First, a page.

Dinner doesn’t usually start with an airport-style security check but that’s how Darwin Brasserie is different. It’s part of SkyGarden at the top of the Walkie Talkie building so between being greeted at the bottom of the building and being taken to your table at the top, you run your bags, coat and stripped-down self through a machine, probably bleep and do it all again, before taking the lift 35 floors up.
When you come out of the lift at the top, the huge expanse of space combined with the view will take your breath away. When you’ve finished swirling around looking up at the glass ceiling and out of the glass open-mouthed, you’ll realise you’re actually not quite there yet. It’s another floor up to Darwin Brasserie, which you’ll reach via a wide staircase with windows on one side and a dense jungle-like area of tall plants on the other.
The waiter seats us on the far side up against the sweeping glass façade. Looking out, now 36 floors up, we’ve got undisturbed views of Canary Wharf and the Southbank and down just below us is the canopy of the plants I mentioned previously. With the plants and the unrestricted views my brain is confused as to whether we’re outside or inside, it’s only the snug temperature and lack of breeze that clarify things.
We order a bottle of Rioja to go with our artisan bread basket as we peruse the comprehensive menu. Comprised of modern British fare, the waiter runs us through the highlights, which include the wild mushroom and truffled leek risotto, the braised ox cheeks with roasted roots and the Cornish lamb rump served with bubble and squeak.
Struggling to decide which of the seven starters to pick from, I go with the beetroot cured salmon under the waiter’s recommendation whilst my partner chooses for the prawn cocktail; the latter presented with elegant panache in a martini glass and topped with an unshelled prawn. Served with a zingy horseradish crème fraîche, my salmon is fresh and flavoursome, and looks wonderful in ombre thanks to the beetroot turning the edges purple. The two slices of Guinness rye bread its are moreishly delicious.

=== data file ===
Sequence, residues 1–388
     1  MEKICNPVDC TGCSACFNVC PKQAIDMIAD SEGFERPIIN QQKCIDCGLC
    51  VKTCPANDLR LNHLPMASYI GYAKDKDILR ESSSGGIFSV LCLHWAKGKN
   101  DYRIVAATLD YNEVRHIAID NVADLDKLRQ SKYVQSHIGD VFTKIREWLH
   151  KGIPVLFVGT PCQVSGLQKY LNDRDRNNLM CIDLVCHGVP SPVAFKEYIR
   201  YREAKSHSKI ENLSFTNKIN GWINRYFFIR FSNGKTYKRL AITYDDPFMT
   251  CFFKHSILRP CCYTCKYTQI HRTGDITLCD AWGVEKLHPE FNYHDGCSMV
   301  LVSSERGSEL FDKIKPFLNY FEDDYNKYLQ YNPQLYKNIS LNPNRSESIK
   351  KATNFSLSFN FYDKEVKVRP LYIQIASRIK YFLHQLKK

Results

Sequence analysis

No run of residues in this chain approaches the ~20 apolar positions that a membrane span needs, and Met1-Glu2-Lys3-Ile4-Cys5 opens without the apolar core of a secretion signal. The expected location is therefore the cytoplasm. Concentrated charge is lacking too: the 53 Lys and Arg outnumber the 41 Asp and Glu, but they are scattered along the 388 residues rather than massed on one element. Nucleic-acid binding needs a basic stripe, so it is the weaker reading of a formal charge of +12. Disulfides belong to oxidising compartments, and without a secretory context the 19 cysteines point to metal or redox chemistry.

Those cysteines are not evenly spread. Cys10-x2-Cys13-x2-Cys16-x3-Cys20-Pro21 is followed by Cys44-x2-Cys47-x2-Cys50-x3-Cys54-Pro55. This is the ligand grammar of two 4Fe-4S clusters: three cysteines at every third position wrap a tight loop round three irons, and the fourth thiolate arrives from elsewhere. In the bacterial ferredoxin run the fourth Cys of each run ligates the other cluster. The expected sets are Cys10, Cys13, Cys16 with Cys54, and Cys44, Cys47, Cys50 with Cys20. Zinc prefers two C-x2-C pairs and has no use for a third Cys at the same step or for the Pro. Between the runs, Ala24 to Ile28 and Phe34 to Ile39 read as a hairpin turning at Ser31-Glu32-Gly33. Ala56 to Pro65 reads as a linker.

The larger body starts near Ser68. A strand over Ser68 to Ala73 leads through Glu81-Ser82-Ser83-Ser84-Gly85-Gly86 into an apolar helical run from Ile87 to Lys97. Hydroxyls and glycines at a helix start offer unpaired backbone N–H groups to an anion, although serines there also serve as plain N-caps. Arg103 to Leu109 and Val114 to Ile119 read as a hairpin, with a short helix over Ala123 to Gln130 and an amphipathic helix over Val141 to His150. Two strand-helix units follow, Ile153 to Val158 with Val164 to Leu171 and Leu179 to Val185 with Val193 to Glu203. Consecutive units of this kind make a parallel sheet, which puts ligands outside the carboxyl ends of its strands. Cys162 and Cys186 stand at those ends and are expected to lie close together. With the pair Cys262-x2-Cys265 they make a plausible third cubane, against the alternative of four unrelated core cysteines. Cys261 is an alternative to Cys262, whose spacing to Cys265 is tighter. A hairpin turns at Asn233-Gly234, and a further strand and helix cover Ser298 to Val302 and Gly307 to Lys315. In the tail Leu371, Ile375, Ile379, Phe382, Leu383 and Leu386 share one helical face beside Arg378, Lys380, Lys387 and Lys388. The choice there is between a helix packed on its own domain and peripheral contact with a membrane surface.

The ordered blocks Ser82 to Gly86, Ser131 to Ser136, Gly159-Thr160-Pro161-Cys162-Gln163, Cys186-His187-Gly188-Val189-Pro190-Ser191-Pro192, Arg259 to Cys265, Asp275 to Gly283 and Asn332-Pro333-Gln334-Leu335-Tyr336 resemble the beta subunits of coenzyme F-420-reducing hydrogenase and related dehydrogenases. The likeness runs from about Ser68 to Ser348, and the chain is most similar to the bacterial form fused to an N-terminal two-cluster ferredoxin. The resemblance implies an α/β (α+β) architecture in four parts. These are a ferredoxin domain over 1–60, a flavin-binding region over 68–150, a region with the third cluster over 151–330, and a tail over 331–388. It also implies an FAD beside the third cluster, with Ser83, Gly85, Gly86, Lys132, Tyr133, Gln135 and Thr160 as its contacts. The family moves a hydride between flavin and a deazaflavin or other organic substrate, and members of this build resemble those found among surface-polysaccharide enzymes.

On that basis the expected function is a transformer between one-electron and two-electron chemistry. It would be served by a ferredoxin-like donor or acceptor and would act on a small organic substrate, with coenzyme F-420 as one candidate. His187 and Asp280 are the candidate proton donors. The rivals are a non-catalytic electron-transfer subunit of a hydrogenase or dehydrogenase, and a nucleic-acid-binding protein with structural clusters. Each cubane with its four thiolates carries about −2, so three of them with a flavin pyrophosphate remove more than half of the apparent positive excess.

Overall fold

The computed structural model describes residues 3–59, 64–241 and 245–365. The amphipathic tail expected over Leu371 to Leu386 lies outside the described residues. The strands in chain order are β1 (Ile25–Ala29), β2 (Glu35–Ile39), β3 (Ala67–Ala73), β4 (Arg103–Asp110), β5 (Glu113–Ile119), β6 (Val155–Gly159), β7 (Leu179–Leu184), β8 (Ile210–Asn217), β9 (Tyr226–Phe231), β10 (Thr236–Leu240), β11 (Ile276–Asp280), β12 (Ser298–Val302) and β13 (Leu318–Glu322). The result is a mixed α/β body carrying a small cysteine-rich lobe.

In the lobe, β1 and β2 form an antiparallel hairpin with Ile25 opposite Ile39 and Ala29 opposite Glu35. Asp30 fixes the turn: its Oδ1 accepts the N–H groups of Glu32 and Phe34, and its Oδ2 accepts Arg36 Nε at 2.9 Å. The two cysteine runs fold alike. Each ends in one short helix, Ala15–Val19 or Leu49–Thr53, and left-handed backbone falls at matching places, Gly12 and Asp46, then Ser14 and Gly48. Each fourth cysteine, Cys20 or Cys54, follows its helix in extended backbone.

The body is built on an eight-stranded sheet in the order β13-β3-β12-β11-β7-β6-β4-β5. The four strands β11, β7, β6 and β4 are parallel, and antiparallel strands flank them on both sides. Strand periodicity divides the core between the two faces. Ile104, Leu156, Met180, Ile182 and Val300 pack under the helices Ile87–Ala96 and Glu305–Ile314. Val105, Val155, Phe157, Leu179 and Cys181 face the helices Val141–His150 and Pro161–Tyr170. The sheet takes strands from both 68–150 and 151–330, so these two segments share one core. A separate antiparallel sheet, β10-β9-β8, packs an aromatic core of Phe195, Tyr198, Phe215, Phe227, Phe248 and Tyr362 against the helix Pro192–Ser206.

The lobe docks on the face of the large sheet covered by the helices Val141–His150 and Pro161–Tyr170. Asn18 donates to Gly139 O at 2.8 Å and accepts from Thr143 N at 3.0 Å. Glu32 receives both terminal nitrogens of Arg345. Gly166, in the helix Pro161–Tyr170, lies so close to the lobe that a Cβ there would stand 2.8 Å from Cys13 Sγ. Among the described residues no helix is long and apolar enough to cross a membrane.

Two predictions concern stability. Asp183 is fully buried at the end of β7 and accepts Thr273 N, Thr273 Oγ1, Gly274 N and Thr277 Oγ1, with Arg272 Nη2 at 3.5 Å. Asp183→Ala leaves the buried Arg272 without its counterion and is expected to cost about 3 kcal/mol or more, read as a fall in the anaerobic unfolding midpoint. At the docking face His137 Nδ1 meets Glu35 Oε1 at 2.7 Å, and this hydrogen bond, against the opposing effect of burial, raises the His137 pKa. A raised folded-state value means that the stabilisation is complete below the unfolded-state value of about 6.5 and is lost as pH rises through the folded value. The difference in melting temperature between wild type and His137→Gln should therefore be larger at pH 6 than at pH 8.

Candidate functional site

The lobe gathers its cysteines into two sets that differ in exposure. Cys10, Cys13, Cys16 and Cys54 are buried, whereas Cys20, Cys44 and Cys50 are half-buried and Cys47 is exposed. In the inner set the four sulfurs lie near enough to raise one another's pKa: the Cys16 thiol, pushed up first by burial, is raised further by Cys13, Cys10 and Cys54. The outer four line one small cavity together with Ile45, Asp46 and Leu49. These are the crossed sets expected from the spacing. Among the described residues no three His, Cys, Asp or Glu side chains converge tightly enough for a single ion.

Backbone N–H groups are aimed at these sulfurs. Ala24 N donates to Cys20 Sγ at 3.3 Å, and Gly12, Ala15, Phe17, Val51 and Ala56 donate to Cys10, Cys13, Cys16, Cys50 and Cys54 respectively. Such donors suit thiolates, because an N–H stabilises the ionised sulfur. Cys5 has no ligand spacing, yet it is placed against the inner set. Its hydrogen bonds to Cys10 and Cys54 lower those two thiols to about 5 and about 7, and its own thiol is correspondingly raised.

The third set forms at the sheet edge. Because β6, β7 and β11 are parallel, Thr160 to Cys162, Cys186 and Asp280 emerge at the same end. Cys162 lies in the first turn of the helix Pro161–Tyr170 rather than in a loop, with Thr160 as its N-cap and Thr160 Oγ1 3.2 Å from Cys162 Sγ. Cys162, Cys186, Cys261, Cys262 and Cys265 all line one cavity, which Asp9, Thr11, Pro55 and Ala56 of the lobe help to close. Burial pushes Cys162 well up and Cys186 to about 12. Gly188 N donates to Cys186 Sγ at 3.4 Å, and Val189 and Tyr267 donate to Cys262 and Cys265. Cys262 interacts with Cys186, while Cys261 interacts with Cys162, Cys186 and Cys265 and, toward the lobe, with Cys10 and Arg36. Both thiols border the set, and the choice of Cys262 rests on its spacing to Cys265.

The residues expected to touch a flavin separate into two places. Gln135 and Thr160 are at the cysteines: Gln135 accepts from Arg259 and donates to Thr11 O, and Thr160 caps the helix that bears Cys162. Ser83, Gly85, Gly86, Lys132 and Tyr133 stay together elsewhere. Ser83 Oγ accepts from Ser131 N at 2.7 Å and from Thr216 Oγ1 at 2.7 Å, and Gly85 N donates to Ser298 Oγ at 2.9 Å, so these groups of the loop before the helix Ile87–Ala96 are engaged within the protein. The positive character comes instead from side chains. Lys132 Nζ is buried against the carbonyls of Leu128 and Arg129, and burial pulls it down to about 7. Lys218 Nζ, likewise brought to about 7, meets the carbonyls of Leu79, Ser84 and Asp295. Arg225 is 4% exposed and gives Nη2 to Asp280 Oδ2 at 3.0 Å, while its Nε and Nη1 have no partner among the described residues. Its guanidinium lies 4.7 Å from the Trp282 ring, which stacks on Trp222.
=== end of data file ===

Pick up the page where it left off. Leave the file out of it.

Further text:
Distracted by the mesmerising city views and playing the age-old game of trying to spot our house, we barely notice our mains arriving (the service here is flawless by the way), though the delicious smells soon have our eyes back on the table. I decided on the smoked haddock which is served on a bed of sliced new potatoes and covered in a generous smothering of rich beurre blanc, making it a far richer dish than I anticipated, but delicious nonetheless, and a large sized portion I struggle to finish.
My partner’s Cornish lamb rump is a good serve too, with the large slab of meat balancing on top of a patty of bubble and squeak and roasted courgettes. The lamb is cooked perfectly to medium rare and is juicy and rich in flavour, further moistened with the accompanying roasting jus – definitely no complaints here!
We’re full to bursting but are advised the apple crumble shouldn’t be missed, so order one and two spoons. Fortunately it’s pretty small (especially when shared) and as good as the waiter promised, served with a thick vanilla custard so delicious I could eat it with a ladle. Unlike many, this crumble achieves the perfect ratio of rough, crunchy topping to sweet, cinnamon-spiced stewed apple, and is a fine finish to a wonderful evening.
Whether you’re looking for romantic city views, somewhere new and unique, or a wholesome refined feed, Darwin Brasserie has it all.
Darwin Brasserie, 20 Fenchurch Street, London EC3M 3BY